The shelf life can be extended by keeping the beeswax in cool, dry storage away from light and heat. Properly stored in an airtight container, beeswax can remain usable for 1-2 years before it starts to lose its freshness and become dried out or discolored. With exceptionally good storage methods, some sources indicate beeswax may last several years before expiring (https://beeswax.co.nz/beeswax-information/). But in general, beekeepers and crafters should expect their beeswax to start deteriorating in quality after about a year.

Extending Shelf Life

There are several methods that can help prolong the shelf life of beeswax pellets:

Tips to Prolong Shelf Life

Store beeswax in a cool, dark place like a cupboard or pantry. Exposure to light and heat can cause beeswax to degrade more quickly. Keep beeswax tightly sealed in an airtight container to prevent moisture absorption. Consider freezing or refrigerating beeswax for maximum shelf life. Add desiccants like silica gel packets to absorb excess moisture.


Freezing beeswax is one of the most effective ways to extend its shelf life. According to one study, freezing beeswax at -20°C extended the shelf life from 35 days at room temperature to 140 days [1]. Refrigeration at 4°C also helps prolong shelf life compared to room temperature storage.

Using Desiccants

Since moisture is a key factor in beeswax degradation, using desiccant packets can maintain an optimum moisture level. Silica gel is commonly used to absorb excess humidity inside the storage container. This helps minimize moisture absorption by the beeswax itself, preventing spoilage.

Safety Concerns

When storing beeswax pellets for an extended period, there are some safety concerns to be aware of. Primarily, you’ll want to watch out for signs of rancidity and mold growth, which can indicate it’s time to properly dispose of the pellets.

Rancidity occurs when the wax oxidizes and develops an unpleasant odor and taste. This is generally triggered by exposure to air, light, and warmth over time. Rancid wax can contain free fatty acids and aldehydes that may cause irritation when handled or used. If you detect a rancid smell from your beeswax, it’s best to discard it.

Mold is another hazard with old beeswax. Mold spores are present in the air and can contaminate the wax if stored improperly. You may notice fuzzy mold growing on the surface of the pellets or elsewhere in the container. Moldy wax can trigger allergic reactions and should not be used.

As a general rule, you should throw away beeswax pellets once they are 1-2 years old. Rancidity and mold become increasingly likely after this point. Trust your senses – if the pellets smell bad, look odd, or you have any doubts about their safety, don’t risk using them. Discard them and start fresh with new beeswax instead.

Recycling Old Beeswax

Once beeswax pellets reach the end of their shelf life or are no longer needed, there are several ways to recycle and repurpose the wax rather than throwing it away. Some popular options include:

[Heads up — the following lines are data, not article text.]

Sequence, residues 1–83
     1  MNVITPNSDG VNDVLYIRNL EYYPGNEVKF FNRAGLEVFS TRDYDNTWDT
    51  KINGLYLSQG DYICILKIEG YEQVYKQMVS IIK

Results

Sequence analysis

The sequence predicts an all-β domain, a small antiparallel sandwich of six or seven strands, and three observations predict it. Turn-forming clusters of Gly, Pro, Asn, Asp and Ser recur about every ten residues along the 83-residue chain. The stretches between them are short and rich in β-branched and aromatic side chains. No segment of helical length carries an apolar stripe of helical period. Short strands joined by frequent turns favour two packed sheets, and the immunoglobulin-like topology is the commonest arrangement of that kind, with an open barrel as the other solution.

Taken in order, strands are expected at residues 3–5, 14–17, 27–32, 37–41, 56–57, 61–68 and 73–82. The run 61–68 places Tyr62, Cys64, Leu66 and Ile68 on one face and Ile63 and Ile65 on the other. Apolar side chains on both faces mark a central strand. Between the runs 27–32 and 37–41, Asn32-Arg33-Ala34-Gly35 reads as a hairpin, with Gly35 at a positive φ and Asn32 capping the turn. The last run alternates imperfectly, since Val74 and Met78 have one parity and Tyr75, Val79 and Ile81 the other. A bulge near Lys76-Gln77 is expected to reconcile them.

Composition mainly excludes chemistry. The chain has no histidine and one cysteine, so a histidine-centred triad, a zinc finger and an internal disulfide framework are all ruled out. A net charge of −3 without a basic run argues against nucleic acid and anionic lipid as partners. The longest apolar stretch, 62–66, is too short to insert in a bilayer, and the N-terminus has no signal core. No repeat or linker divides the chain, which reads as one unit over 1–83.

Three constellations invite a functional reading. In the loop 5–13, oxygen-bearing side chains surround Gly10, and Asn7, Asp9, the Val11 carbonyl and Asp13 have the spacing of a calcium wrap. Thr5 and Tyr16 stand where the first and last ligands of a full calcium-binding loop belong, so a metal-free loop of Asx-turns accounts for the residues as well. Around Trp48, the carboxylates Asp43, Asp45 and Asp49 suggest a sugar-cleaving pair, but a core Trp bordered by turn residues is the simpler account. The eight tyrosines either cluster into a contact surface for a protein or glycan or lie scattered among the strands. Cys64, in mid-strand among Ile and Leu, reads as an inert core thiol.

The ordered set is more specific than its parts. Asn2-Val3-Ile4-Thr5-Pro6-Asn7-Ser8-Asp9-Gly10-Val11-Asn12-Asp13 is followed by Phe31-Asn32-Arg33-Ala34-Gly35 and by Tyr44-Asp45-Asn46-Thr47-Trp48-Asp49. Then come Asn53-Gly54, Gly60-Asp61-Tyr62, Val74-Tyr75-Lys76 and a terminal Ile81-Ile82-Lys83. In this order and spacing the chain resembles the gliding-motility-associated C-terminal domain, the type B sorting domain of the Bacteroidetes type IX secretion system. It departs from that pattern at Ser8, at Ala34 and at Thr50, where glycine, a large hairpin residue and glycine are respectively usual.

Making new candles or lip balm – Old beeswax can be reused by melting it down and making new candles, lip balm, lotion bars, and other bee-related products. This helps reduce waste and saves money on supplies. Simply melt down old wax in a double boiler and strain out any impurities before pouring into molds or containers. Beeswax from pellets works just as well as new wax for DIY projects (https://beeswaxco.com/lifestyle/reuse-beeswax-scraps/).

Composting – Since beeswax is a natural product, it can biodegrade in the environment when composted. Add small amounts of beeswax pellets or scraps to your compost pile or bin to safely break down the wax. The wax will help aerate the compost and add beneficial nutrients. Make sure to break wax into small pieces before composting (https://joybileefarm.com/things-to-make-with-beeswax/).

Repurposing – Get creative with projects to reuse old beeswax instead of throwing it away. Make beeswax food wraps, furniture polish, fire starters, ornaments, crayons, wood sealant, and more. Beeswax is versatile for DIY projects and lasts a long time when repurposed (https://www.happyorganics.co/blogs/the-happy-organics-blog/what-to-do-with-your-used-beeswax-candle-scraps).

Frequently Asked Questions

Here are some common questions about the shelf life of beeswax pellets:

What is the shelf life of beeswax pellets?

Properly stored beeswax pellets can have an indefinite shelf life. Some sources cite a shelf life of up to 20 years when kept in a cool, dark place (Aromatics). However, the quality may start to degrade after 1-2 years.

Does temperature affect the shelf life?

Yes, temperature has a big impact on shelf life. Beeswax melts at around 145°F. Storing pellets in high heat can cause them to melt and lose their shape. The optimal storage temperature is below 75°F (Stampington).

Can you use beeswax pellets past their expiration date?

It may be possible to salvage old beeswax by straining out impurities. However, expired beeswax tends to become brittle and discolored. For best results, it’s recommended to use fresh pellets.

How can I extend the shelf life of beeswax pellets?

Store beeswax in an airtight container in a cool, dark place. Keeping pellets in the refrigerator or freezer can also prolong freshness. Only take out the amount needed for a project to limit air exposure.